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by Jason Denney
A lot of the name brand detergents use a plethora of chemicals and fragrances that have come into question. Fragrances cause allergic reactions in a sizeable portion of the population, to avoid them you need to find products labeled “Fragrance-free”, as merely “unscented” products can have scents added to mask other ingredient scents. Some detergent chemicals and fragrances are recognized by the EPA to be carcinogens, and researchers have been able to detect these chemicals in the output exhaust of dryers. However, while detected, no studies have yet examined for adverse health effects. Though, an undeniable health risk to consider for a lot of detergents is their risk of child poisoning, so don’t wash your kid’s mouth out with just any detergent (use Tide!). But seriously, don’t eat Tide pods.
In regards to the environment, phosphates have been in the news for a while, and are mostly banned in the United States for the detrimental effects they have on aquatic wildlife (promoting algae blooms) . However, there are also new additives that also have adverse effects on our fishy friends, such as surfactants which can damage their protective oily skins. On top of that, plastics from their containers end up in the water too (from plastic production), just watch this Dirty Money episode on Point Comfort. To make eco-friendly purchasing easier, the EPA has a “DfE” logo that approves detergents that are “Designed for Environment” so look out for it. You can also look up their opinions on safe chemicals.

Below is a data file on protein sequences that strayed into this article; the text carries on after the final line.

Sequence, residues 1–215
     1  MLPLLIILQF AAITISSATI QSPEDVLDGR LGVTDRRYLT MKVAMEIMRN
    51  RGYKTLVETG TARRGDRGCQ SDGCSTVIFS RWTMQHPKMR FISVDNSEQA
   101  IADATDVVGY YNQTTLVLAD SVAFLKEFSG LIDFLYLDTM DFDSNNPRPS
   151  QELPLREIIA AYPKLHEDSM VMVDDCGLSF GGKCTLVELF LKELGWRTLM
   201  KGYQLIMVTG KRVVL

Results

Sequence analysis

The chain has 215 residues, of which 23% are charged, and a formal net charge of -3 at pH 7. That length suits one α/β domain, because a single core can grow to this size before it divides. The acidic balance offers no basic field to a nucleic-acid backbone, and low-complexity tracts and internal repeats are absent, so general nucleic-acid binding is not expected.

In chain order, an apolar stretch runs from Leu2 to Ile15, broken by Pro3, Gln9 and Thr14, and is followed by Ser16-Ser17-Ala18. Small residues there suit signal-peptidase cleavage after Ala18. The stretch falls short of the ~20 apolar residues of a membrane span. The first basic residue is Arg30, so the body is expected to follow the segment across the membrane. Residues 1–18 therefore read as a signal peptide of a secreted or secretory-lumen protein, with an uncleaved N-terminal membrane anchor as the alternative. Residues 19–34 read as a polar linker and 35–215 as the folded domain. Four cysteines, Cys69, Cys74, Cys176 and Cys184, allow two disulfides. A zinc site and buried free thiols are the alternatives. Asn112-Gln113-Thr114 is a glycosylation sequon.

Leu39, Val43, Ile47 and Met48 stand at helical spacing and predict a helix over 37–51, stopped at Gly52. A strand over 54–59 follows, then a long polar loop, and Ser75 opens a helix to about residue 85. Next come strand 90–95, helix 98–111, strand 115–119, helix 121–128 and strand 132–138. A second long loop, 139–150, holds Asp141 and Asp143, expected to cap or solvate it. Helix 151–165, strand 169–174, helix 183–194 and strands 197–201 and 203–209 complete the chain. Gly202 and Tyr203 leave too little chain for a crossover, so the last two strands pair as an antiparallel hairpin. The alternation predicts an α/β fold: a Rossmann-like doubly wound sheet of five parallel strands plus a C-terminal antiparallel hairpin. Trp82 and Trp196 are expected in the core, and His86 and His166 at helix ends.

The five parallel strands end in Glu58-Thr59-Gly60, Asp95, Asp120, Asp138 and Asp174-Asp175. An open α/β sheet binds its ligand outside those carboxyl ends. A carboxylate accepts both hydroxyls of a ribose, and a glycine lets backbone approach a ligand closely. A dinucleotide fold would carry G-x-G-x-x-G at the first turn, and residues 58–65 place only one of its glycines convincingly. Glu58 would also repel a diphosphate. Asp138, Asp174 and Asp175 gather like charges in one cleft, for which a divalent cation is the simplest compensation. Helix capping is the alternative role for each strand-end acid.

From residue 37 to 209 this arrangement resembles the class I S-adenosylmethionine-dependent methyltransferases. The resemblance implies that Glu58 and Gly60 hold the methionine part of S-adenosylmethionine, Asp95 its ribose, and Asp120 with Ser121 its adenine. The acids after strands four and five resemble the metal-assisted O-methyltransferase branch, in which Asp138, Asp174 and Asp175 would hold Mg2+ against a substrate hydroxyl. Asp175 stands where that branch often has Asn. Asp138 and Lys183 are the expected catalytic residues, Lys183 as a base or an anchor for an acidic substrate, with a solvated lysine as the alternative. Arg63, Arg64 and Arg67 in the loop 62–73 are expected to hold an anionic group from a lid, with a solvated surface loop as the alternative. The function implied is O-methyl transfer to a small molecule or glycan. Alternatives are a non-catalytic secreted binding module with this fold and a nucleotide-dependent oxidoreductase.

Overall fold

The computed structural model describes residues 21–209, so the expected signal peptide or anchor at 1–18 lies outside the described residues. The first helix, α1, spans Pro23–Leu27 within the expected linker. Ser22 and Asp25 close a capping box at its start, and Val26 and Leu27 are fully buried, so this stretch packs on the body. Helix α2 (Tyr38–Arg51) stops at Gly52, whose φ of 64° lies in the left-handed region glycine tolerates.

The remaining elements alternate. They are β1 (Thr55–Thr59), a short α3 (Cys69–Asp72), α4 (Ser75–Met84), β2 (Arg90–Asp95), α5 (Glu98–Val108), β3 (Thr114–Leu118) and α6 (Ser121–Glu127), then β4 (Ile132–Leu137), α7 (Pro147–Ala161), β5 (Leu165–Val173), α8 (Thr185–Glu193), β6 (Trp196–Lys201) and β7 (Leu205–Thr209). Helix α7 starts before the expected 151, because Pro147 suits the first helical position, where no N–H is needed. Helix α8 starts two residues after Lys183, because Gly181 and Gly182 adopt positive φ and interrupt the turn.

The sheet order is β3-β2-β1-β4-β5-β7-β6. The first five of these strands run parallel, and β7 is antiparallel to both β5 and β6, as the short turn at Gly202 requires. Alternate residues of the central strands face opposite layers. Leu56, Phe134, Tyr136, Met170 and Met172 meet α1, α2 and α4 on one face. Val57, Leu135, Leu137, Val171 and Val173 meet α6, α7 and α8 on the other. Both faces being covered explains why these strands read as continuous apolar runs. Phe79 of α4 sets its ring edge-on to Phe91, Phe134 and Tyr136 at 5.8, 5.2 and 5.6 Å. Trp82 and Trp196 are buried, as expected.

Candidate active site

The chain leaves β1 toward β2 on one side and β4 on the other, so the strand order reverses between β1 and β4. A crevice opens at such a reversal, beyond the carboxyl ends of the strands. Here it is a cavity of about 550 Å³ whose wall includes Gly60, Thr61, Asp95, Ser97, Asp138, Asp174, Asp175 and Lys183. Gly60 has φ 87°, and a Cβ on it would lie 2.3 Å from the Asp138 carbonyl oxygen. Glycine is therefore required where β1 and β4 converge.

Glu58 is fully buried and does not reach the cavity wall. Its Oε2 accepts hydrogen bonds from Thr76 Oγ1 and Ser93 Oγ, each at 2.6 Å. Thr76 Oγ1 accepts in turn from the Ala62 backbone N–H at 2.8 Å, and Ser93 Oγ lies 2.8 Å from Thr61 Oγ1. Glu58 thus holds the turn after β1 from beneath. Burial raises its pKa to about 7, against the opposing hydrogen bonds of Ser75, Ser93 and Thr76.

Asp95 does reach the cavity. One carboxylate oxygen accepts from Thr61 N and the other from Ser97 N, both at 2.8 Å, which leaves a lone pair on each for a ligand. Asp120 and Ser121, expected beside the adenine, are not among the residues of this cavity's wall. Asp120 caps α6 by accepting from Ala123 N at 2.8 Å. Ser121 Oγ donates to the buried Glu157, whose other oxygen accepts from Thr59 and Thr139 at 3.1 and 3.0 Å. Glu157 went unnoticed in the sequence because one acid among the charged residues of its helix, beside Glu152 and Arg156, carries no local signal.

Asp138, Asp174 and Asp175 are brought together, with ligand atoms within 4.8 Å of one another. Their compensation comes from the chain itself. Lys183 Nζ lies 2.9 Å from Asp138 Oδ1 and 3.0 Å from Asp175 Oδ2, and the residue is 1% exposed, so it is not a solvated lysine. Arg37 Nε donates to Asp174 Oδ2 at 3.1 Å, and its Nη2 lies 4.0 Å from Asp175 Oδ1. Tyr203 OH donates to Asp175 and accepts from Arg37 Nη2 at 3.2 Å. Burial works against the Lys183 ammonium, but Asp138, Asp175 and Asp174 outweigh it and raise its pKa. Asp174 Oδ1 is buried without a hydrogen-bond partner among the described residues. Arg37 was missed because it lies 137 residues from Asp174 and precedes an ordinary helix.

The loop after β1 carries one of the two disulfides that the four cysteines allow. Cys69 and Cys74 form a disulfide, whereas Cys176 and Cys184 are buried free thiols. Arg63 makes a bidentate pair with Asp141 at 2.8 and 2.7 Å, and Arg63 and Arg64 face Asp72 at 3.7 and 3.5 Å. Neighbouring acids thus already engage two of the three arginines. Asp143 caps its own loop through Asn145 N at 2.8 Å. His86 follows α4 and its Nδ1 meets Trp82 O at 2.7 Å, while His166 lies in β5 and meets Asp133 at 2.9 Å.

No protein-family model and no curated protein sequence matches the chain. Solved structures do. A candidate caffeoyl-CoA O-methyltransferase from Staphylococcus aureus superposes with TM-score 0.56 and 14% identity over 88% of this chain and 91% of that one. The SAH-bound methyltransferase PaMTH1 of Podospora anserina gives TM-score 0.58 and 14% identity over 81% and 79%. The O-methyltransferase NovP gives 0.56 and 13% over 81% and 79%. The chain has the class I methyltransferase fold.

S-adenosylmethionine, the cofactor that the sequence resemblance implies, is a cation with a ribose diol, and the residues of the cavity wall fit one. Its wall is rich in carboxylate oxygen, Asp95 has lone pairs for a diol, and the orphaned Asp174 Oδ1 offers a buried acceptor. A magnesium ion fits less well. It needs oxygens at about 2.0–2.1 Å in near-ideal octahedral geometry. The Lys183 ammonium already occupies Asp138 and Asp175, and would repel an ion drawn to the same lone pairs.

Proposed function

Chemicals aside, the actual container and form have the same eco-friendly considerations as most soap. Avoid liquid soaps as they are less efficient from a shipping perspective, and try to avoid plastics. Lots of soap powders come in cardboard, some come as a paste, and there are even more concentrated versions that are merely strips.
So what else can you use? You may have heard of laundry balls that can replace using detergents entirely. Well, turns out they’re a scam and it’s not different than just washing your clothes in plain water. But hey, they will clean out your wallet ;)
Another interesting alternative is using horse chestnuts to make detergent. They’re poisonous so don’t eat them, but apparently it’s reasonably effective, although not recommended for whites. You can buy commercial versions that are likely better for whites.
Other simpler alternatives are just using straight vinegar, castile soap, and even bar soap.